The surface acoustic wave device in accordance with the basic concepts of the invention achieves zero temperature coefficient of delay (TCD) by having the surface acoustic wave propagate in two directions which have TCD coefficients of the opposite sign. Total linear zero TCD is achieved by arranging the path lengths in the two directions so that all contributions to the change in phase delay with temperature sum to zero. The surface acoustic wave is reflected from one path to the other by means of one or two reflective surface acoustic wave gratings which define, respectively, an L-shaped path and either a Z-shaped path or a U-shaped path. In other words, reflective grating means is provided for segmenting the propagation path of a surface acoustic wave so that the sum effect of the temperature variation of phase delay of all the segments and the phase contributions by the gratings is zero.
A typical temperature stable surface acoustic wave device 11 is illustrated in FIG. 1. Here, a surface acoustic wave is launched by a conventional input transducer 13 disposed on a substrate 15 of a material, such as Y-cut quartz, for example, that is capable of supporting propagating surface acoustic wave energy in the X and Z directions in which the temperature TCD's are of opposite sign. The input transducer 13 directs the surface acoustic wave along a first path segment 17 in the X direction. The wave is then reflected by a first conventional reflective grating 19 into a second path segment 21 in the Z direction toward a second conventional reflecting grating 23 where it is reflected to propagate toward a conventional output transducer 25 along a third path segment 27 back into the X direction. The delay along each of the three segments of the Z-shaped path will vary with temperature. Since the sense of the temperature variation along the second segment 21 is opposite to that of the other two segments (17 and 27), zero total variation is achieved by the correct choice of the relative path lengths along the X and Z directions.
In general, the reflection need not be through 90° as illustrated in FIG. 1, but the theory becomes somewhat involved for other angles and will be presented later. For a 90° reflection, the equations do reduce to a manageable form. The total phase delay, τ, is
τ = Lx /vx + Lz /vz = τx + τz, (1)
where Lx and Lz are the propagation path lengths along X and Z, vx and vz are the phase velocities along X and Z, and τx and τz are the respective delays for the two directions. For the general theory it can be shown that the total temperature coefficient of delay, Γ.sub.τ, is ##EQU1## where tanα = vz /vx, ##EQU2## In words, α is the grating angle required to achieve a 90° reflection, β is the first order velocity anisotropy along the z direction, and γ's are the temperature coefficients for delay (τ), velocity (v), and expansion (L) along the x and z directions. If z is a pure mode direction then β=0 and equation (2) reduces to the intuitive form ##EQU3## which says that the total temperature coefficient of delay Γ.sub.τ is the weighted average of the coefficients for the x and z directions. The complications for cases where z is not a pure mode direction (β≠0) or where the reflection is not through exactly 90° (tanα ≠ vz /vx) arise because the grating angle α varies with temperature.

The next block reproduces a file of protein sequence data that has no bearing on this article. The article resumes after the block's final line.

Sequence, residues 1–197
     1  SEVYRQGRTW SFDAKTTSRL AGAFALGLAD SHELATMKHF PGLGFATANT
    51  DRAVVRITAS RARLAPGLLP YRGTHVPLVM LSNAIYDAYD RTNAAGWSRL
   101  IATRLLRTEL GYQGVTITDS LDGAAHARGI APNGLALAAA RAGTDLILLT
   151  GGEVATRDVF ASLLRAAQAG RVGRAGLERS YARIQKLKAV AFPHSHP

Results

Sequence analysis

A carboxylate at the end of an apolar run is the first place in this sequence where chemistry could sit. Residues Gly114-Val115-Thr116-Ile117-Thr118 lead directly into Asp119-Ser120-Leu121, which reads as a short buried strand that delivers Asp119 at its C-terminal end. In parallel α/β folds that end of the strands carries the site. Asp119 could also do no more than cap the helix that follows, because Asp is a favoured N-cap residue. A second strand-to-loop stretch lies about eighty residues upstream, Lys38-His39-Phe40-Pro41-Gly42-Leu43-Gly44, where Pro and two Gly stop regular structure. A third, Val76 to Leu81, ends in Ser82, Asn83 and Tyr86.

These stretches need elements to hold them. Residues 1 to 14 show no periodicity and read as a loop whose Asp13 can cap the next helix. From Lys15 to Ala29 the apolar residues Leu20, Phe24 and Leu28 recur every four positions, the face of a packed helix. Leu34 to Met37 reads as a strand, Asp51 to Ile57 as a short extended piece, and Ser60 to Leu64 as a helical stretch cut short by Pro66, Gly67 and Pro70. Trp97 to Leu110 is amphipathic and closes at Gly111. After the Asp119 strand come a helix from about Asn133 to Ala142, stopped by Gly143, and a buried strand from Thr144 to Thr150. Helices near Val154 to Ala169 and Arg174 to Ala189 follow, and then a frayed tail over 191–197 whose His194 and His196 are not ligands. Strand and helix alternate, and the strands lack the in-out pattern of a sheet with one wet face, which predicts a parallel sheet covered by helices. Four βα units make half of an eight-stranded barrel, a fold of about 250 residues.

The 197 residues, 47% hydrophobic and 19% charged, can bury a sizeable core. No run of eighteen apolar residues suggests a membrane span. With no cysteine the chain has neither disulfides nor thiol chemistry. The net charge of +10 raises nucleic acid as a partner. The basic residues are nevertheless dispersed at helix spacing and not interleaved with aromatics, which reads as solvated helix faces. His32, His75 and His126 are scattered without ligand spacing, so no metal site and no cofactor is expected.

Referring again to equation 3, if γ.sub.τx and γ.sub.τz have opposite signs then it is possible to choose τx /τz so that Γ.sub.τ = 0. Y-cut quartz is a particular material cut where this relationship is true (γ.sub.τx = -24 × 10- 6 /° C, γ.sub.τz = + 62 × 10- 6 /° C).
In accordance with another embodiment 31 of the invention, surface acoustic wave energy leaving an input transducer 33 along a first path segment 35 in the X direction is reflected by a first grating 37 to propagate along a second path segment 39 in the Z direction toward a second grating 41. The latter grating reflects the wave along a third path segment 43 again in the X direction toward an output transducer 45. In this arrangement, the three path segments are in the shape of a U, but the operation is identical to that of embodiment 15 which utilizes a Z path. The gratings in the first two embodiments may either be periodic or non-periodic depending on the bandwidth and shape desired.
FIG. 3, on the other hand, shows a third embodiment 51 utilizing only a single reflective periodic grating 53 to define an L path configuration. Here, surface acoustic wave energy launched by an input transducer 55 along the first path segment 57 in the X direction is reflected toward an output transducer 59 along the path segment 61 in the Z direction. As in the first two embodiments described previously, where the sense of the temperature variation along one or more segments is opposite to the sense of the temperature variation along another segment, zero total variation is achieved by the correct choice of the relative path lengths along the X and Z directions.